All this she spelled out in her note, along with what she'd learned from a séance that tracked down the cause of the team's miseries. A dawn-to-dusk job, and at the end of the day she had her psychic answer.
The fault isn't yours or that of the coaches or players, she told Snyder. The Redskins could have fielded an all-pro team with Vince Lombardi coaching and still ended up as losers.
No, people aren't the problem. It's the stadium. Call it Jack Kent Cooke Stadium, FedEx Field, whatever—it's cursed by hostile spirits.
Dan Snyder finished reading and went over his options. Option one: Toss the note into the crank file. Any other day that's what he'd have done, but the memory of that freakish 65-yard field goal gave him pause.
The lady might be on to something. Marty Schottenheimer, Deion Sanders, Steve Spurrier—there was a curse at work, all right. The only question in Snyder's mind was whether Madame Cassandra had put her finger on the source.
Her theory traced the curse back to Jack Kent Cooke's rush to build a new stadium in 1997. A sloppy title search had passed over the fact that the land was—or had been—owned by the Piscataway tribe.
In short, the Redskins' home field in Landover was built on a Native American shrine—a burial ground for fallen warriors, a place for mystic spirits. Bad enough that Cooke and Snyder called their team the Redskins; this was a final insult.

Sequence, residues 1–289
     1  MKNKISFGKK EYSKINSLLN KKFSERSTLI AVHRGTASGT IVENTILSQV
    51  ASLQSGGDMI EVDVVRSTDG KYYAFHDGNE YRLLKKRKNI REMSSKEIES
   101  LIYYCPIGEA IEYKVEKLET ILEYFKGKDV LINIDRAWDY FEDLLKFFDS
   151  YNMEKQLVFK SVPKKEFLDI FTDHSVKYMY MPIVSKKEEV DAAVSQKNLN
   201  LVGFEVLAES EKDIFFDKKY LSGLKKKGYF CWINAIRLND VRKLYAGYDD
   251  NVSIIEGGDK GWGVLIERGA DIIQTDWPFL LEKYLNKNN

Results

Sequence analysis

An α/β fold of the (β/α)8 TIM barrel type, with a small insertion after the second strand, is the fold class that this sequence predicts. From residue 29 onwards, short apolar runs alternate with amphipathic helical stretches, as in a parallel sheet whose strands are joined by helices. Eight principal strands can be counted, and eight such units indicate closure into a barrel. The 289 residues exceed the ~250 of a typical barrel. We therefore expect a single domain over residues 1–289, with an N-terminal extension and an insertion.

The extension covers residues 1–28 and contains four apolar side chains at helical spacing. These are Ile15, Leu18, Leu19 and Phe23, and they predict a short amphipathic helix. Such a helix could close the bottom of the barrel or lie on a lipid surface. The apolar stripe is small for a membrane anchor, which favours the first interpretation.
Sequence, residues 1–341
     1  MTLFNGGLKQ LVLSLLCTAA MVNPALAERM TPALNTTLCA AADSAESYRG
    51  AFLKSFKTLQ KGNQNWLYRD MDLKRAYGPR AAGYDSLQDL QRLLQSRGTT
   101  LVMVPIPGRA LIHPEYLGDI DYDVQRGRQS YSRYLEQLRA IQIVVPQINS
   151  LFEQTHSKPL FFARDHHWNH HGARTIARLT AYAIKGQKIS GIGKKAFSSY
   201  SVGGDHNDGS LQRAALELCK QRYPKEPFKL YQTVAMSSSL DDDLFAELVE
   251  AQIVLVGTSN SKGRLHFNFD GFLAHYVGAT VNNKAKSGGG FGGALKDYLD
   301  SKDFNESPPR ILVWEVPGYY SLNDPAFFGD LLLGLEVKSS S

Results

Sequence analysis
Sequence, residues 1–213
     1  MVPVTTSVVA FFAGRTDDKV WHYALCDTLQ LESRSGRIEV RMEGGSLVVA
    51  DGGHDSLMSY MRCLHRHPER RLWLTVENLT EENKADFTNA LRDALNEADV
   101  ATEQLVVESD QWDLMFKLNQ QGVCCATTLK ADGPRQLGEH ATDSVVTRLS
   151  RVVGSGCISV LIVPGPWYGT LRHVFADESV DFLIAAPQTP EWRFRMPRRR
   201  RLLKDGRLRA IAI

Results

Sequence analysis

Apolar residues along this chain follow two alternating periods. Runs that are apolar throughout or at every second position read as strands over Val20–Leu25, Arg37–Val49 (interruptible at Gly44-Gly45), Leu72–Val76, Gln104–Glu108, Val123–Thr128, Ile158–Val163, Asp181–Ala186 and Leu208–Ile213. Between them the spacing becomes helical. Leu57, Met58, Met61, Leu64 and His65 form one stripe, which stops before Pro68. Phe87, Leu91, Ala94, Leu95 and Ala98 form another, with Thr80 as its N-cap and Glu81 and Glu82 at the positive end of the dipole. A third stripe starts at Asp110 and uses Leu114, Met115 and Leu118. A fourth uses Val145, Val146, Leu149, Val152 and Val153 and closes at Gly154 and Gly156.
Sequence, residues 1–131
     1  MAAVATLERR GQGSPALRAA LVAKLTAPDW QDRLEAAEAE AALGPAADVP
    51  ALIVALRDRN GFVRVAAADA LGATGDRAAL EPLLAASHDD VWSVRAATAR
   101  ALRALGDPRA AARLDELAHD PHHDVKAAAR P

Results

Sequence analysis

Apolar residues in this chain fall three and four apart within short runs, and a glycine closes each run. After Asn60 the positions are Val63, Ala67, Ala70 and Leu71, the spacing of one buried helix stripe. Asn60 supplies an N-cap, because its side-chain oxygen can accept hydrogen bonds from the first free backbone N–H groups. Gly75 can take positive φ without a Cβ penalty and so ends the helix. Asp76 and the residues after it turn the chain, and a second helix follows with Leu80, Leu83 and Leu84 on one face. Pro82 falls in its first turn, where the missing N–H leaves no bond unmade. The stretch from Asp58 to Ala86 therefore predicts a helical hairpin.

That, at least, was what voices told Madame in her séance. Credible? Not really. But neither was that 65-yarder.
Which led to option two: Should he pacify the native spirits by changing the name of the team? No way. Snyder had grown up a Redskins fan and would pass on to that great owners' box in the sky as a Redskins fan.
Which led to option three: Donate $50,000 to Madame Cassandra's pet charity, the feline division of the Animal Welfare League, and she'd "talk to the offended spirits."
Meaning? "Trust me," she said, "we will return our Redskins to the Super Bowl."
So that was it—a $50,000 hustle. Or so Dan Snyder, who didn't get rich by playing psychic hunches, thought. But suppose he was wrong?
Snyder thought again. What was there to lose? Fifty thousand. He'd blown a thousand times that on Spurrier alone.
"It came up so fast, we couldn't catch it on the Doppler."
—Weatherman Bob Ryan on why he'd missed forecasting the worst tornado to hit southern Maryland in half a century